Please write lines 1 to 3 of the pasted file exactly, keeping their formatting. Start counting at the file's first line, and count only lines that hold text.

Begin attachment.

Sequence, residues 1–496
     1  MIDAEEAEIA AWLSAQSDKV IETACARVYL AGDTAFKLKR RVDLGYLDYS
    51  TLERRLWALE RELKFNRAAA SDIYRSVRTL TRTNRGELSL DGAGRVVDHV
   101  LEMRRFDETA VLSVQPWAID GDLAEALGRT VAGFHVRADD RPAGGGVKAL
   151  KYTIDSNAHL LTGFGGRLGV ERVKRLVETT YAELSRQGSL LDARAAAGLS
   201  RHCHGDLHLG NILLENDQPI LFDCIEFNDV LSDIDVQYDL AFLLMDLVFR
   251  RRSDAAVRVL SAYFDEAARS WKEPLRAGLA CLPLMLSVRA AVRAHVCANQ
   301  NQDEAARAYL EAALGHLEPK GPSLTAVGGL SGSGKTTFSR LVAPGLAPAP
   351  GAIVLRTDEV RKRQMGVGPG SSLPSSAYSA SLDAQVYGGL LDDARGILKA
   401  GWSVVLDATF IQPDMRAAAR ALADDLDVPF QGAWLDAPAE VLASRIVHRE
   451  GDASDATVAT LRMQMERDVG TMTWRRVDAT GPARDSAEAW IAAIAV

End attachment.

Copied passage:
Sequence, residues 1–496
     1  MIDAEEAEIA AWLSAQSDKV IETACARVYL AGDTAFKLKR RVDLGYLDYS
    51  TLERRLWALE RELKFNRAAA SDIYRSVRTL TRTNRGELSL DGAGRVVDHV